'They're all together': Alberta family of 4 on African missionary trip killed in road crash
'Their passion was fuelled by a belief in Jesus Christ and a desire to serve Him'
All four members of an Alberta family were killed in a head-on crash Sunday on the roads of South Africa.
Melissa and Brendan Perrott and their two children, Evelyn, 5 and Colton, 3, were living in Bulembu, a small town in the mountainous Highveld region of Eswatini, formerly known as Swaziland.
The family was from Sherwood Park but had spent two years doing missionary work in the former mining town.
Five others lost their lives in the crash, including a young man named Sabelo Sibeko, an orphan the family had just taken on a day trip so he could compete in a mountain bike race.
The crash took place Sunday between QwaQwa and Harrismith in South Africa. The vehicles were unrecognizable and later burst into flames. Everyone was said to have died on impact.
Nanette Perrott, Brendan's mother, said family members are taking solace in their faith.
'They're all together'
"There are just no words and yet we know they're in the Lord's presence and that's what gives us peace," Perrott told CBC News on Wednesday.
"We know they're all together and I know they wouldn't change a thing. They would not. They were devoted to God's work and God's children.
"They literally laid down their lives for these kids. And their very last mission was serving this orphan boy and encouraging him for his future."
When they died, Melissa Perrott was 32 and her husband was 33. They were high school sweethearts who began doing missionary work with Bulembu Ministries full-time in 2016.
The not-for-profit organization operates a community church, a Christian academy and a health clinic, caring for 350 orphans and vulnerable children in Bulembu.
'They fell in love with the children'
Melissa, a massage therapist and Brendan, an electrician, had worked with the ministry before but felt compelled to do more. They decided to uproot their lives in Sherwood Park and move across the world.
"They fell in love with the children there and the people, to the extent that they wanted to make a long-term commitment to go over there," said Dave Perrott, Brendan's father.
"Their passion was fuelled by a belief in Jesus Christ and a desire to serve Him and for people to come to know Him.
"They had a desire to serve and a loving nature and a real passion for these children who became family to them."
In Bulembu they spent their days caring for children at the orphanage. Melissa often looked after the babies and would spend hours in the nursery comforting them. They hosted birthday parties for the children and organized donation drives.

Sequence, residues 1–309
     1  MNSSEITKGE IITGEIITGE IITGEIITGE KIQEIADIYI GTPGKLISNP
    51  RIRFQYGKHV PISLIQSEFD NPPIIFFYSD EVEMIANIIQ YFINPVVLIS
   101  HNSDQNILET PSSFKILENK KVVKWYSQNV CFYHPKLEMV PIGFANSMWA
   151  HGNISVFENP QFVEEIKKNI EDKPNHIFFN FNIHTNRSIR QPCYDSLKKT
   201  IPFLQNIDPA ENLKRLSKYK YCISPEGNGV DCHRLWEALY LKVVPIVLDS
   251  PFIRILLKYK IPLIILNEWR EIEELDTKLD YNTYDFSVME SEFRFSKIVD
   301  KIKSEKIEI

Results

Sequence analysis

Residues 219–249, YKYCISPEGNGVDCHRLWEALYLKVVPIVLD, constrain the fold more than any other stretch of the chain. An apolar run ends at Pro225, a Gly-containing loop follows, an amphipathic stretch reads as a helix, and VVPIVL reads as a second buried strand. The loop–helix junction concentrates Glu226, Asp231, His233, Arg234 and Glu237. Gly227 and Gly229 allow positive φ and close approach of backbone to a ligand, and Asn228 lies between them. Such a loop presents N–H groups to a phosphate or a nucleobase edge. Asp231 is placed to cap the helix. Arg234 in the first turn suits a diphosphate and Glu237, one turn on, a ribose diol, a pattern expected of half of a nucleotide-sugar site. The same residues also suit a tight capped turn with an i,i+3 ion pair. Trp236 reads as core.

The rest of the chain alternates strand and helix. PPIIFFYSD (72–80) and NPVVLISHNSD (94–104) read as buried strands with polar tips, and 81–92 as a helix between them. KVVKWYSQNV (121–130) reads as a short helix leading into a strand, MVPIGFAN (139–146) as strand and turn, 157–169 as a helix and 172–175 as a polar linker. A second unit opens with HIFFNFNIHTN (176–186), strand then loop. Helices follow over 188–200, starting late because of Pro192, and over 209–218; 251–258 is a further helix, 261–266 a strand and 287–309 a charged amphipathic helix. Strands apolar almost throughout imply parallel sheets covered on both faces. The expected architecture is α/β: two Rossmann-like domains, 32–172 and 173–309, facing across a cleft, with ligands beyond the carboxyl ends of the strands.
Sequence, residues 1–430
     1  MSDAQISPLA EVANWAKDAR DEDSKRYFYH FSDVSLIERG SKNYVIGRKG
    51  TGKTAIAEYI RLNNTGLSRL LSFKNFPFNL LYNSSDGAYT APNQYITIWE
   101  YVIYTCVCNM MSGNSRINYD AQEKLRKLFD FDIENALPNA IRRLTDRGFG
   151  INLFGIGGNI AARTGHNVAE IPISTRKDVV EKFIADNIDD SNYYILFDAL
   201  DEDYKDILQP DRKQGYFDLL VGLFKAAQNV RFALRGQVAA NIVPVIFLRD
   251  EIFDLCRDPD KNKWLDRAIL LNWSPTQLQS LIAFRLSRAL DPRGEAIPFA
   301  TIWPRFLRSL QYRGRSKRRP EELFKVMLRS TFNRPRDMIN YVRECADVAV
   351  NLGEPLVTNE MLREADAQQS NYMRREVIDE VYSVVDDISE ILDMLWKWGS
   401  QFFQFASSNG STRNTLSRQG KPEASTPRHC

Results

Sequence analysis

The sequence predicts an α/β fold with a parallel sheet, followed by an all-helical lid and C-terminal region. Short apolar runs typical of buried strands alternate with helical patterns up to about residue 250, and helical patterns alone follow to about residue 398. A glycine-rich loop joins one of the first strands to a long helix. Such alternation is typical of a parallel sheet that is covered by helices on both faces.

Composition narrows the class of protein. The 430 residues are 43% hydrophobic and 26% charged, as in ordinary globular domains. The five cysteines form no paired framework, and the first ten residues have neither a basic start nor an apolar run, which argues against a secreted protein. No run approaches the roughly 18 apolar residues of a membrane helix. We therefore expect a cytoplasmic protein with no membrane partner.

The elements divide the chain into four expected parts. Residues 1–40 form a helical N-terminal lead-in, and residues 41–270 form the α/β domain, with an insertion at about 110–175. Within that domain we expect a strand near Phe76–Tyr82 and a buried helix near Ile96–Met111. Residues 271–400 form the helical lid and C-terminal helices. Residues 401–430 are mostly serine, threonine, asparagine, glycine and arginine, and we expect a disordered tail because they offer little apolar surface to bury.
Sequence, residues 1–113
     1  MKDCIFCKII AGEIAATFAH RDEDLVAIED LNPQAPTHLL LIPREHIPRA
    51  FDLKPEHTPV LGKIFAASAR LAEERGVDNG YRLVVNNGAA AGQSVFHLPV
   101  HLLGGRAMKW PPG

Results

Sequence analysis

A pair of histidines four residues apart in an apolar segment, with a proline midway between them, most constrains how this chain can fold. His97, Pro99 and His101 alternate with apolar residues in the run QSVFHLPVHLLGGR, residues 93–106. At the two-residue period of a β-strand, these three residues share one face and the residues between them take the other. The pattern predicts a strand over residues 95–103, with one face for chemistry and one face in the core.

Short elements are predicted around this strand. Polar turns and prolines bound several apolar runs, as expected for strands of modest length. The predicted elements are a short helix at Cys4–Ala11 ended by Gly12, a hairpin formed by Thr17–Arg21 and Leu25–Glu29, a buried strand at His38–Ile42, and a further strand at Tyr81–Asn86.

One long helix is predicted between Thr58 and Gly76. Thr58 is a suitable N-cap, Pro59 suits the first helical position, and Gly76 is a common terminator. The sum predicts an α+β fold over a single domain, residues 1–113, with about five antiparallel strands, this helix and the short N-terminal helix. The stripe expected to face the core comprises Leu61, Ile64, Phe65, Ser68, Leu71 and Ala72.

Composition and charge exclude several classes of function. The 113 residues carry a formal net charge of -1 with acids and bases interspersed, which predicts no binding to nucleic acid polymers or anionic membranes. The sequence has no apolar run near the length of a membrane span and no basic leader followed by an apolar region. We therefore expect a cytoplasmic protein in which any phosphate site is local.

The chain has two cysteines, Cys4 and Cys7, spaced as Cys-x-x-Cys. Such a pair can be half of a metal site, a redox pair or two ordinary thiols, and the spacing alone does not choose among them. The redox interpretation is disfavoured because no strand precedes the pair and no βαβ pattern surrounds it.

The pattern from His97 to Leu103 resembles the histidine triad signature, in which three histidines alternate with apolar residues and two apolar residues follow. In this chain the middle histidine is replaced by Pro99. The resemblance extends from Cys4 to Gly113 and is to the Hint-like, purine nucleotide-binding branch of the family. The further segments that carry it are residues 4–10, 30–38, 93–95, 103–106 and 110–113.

A naturally nurturing couple unafraid of hard work, they poured themselves into the daily workings of the orphanage, Nanette Perrott said.
"Wherever they were needed, they would be there, whether it was cleaning a toilet or doing electrical work on a pole or holding a baby, they would be there," she said.
"They just loved everybody that they met. They had these magnetic personalities. People just loved them and felt very safe and cared for instantly. They just had this amazing gift that people felt drawn to them."
The family planned to return to Canada in March to establish an Alberta branch of the ministry to provide financial support to orphans in Bulembu.
Months before the deadly crash, Melissa's family had planned a missionary trip to Bulembu. After the crash, they decided to carry on, and flew out on Wednesday morning.
Both families want to ensure Brendan and Melissa's good works continue.
"We don't want to glorify them but to make sure that their legacy continues, that their work in Bulembu continues," Nanette Perrott said. "We want to make sure this passion and this legacy continues far beyond them."
'Serving and showing God's love'
Bulembu Ministries shared a message remembering the Perrott family on its Facebook page.
"Brendan, Melissa and their two children came to serve the people of Eswatini but especially the children of Bulembu.
"They followed the call of God and loved wholeheartedly and impacted so many people's lives. We mourn with their families back home in Canada and with their Swazi friends who have become family.
"We know their legacy will live on."
A GoFundMe page has been set up by friends so the victims' remains and belongings can be returned to other family members in Alberta.
In less than 24 hours, the campaign raised nearly $40,000 in donations for the ministry.
The group that organized the GoFundMe campaign posted a letter written by the family before they left for Africa in 2017.
"Our Lord has had us on an emotional journey of surrendering control and letting go of so much of what we have placed our 'identity' in," reads the letter.
"From simple things like vehicles, furniture, horses and toys, to more complicated things like our jobs, our home, our small group, our church and our community. It has been a process of being stripped away from the things that we thought made us who we are."